II. Streamlining the Enforcement Process

Turning to the Enforcement process about which you've just heard a lot, I believe strongly that this is an area where the Schapiro Commission has demonstrated its ability to move swiftly when necessary and appropriate — such as where we act to halt ongoing fraud or preserve the assets of wrongdoers.

The current financial crisis has reminded all of us that vigorous enforcement of existing laws and regulations is not only vital to the fair and proper functioning of financial markets, but also necessary for investor confidence. At last year's conference, Chairman Schapiro drew applause when she announced the end of the Commission's two-year "penalty pilot" experiment, which had required the Enforcement staff to obtain a special set of approvals from the Commission in cases involving civil monetary penalties for public companies, and changed the approval process for formal orders of investigation so that they were issued more quickly through the approval of a single Commissioner. Since that time, there have been further internal improvements to reinvigorate the SEC's enforcement program.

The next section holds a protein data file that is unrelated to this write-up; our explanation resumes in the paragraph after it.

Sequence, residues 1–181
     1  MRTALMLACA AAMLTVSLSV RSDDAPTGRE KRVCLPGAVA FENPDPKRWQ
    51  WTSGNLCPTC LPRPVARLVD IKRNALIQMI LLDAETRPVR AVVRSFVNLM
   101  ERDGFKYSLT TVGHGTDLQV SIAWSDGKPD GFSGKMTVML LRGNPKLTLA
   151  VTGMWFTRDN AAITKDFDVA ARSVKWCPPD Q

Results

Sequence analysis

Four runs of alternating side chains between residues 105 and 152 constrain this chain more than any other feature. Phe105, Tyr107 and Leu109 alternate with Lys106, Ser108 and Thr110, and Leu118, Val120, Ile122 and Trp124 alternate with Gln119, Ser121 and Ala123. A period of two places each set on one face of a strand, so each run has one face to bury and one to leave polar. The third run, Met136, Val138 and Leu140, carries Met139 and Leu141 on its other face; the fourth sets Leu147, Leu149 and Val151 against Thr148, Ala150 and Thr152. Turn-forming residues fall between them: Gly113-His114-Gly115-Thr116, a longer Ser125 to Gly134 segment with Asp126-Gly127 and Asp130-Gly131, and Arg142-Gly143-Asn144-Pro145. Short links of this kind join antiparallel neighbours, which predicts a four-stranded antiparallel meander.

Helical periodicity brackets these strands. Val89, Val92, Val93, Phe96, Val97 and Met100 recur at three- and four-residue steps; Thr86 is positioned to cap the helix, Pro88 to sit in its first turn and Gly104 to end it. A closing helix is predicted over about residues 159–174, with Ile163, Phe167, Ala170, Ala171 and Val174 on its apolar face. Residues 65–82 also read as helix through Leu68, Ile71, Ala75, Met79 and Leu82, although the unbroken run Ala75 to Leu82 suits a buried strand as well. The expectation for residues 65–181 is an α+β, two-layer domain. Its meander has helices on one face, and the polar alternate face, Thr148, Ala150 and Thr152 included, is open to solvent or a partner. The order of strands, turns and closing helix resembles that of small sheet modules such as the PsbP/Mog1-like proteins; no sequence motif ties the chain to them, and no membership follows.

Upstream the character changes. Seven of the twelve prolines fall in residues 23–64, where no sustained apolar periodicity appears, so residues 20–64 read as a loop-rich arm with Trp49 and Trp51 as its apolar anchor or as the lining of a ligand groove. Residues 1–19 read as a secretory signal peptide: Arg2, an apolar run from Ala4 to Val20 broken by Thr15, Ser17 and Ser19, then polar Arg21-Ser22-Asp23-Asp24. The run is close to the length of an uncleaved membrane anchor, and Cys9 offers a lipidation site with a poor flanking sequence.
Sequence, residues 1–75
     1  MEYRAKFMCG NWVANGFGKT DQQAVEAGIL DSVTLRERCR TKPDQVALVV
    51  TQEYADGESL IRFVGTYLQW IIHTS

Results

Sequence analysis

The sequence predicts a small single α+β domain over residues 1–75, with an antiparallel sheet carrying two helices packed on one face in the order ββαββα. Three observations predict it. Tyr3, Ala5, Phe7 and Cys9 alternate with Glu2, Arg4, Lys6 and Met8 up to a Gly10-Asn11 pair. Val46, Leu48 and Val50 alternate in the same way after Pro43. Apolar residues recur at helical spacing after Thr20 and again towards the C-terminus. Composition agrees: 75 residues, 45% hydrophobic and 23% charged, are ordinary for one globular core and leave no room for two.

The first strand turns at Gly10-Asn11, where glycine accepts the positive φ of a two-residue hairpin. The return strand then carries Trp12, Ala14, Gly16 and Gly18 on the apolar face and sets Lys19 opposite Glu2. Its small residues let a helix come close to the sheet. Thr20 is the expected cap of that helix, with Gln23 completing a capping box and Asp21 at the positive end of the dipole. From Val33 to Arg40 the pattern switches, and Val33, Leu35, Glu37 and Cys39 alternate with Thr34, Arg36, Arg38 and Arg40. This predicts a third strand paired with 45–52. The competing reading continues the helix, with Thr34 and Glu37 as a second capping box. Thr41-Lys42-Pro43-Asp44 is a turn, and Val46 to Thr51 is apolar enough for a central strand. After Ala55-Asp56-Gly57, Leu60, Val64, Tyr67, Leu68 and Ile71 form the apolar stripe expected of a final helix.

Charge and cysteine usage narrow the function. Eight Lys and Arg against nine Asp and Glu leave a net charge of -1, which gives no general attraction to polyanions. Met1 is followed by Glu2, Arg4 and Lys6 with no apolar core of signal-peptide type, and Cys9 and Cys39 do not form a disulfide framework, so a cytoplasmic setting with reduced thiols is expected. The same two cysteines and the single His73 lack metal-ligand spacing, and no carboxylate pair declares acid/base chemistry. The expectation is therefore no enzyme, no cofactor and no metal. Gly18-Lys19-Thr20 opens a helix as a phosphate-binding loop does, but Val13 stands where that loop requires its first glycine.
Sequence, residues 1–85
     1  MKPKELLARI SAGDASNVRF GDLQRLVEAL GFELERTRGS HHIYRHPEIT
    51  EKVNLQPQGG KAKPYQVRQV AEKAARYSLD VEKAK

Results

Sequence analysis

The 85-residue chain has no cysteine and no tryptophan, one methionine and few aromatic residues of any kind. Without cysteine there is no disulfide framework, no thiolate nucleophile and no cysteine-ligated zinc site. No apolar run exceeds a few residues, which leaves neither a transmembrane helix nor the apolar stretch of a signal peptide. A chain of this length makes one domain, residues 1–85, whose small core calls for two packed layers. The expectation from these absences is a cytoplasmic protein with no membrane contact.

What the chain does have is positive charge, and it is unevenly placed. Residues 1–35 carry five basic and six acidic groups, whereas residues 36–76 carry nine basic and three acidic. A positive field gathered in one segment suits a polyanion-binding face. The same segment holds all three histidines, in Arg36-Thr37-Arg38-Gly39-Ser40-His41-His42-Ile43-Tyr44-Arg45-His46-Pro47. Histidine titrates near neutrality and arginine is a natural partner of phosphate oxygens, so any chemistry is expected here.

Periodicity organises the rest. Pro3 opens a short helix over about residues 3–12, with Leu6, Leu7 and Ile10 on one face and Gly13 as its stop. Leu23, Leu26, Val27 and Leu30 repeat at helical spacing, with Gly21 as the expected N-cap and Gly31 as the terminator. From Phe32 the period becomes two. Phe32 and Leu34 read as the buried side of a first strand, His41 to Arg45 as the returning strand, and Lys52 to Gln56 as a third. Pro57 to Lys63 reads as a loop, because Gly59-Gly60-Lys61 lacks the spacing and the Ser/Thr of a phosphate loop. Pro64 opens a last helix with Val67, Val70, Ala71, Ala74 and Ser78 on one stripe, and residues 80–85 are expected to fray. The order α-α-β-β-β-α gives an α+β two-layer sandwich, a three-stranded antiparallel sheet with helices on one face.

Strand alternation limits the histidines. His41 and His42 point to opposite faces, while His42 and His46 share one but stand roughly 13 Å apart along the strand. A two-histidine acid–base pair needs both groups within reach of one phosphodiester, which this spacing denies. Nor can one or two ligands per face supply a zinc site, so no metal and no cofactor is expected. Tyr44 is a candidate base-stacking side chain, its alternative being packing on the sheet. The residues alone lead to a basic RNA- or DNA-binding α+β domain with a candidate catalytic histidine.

Significantly, as you are aware, and as others have explained in more detail during the previous panel, the Commission has recently implemented changes aimed at enhancing the strength and speed of enforcement. As our Enforcement Division Director, Robert Khuzami, recently noted, these changes constitute the Division's biggest reorganization in at least three decades. I agree with Rob that they will make the agency more knowledgeable, better coordinated, and more efficient in addressing the causes of the financial crisis.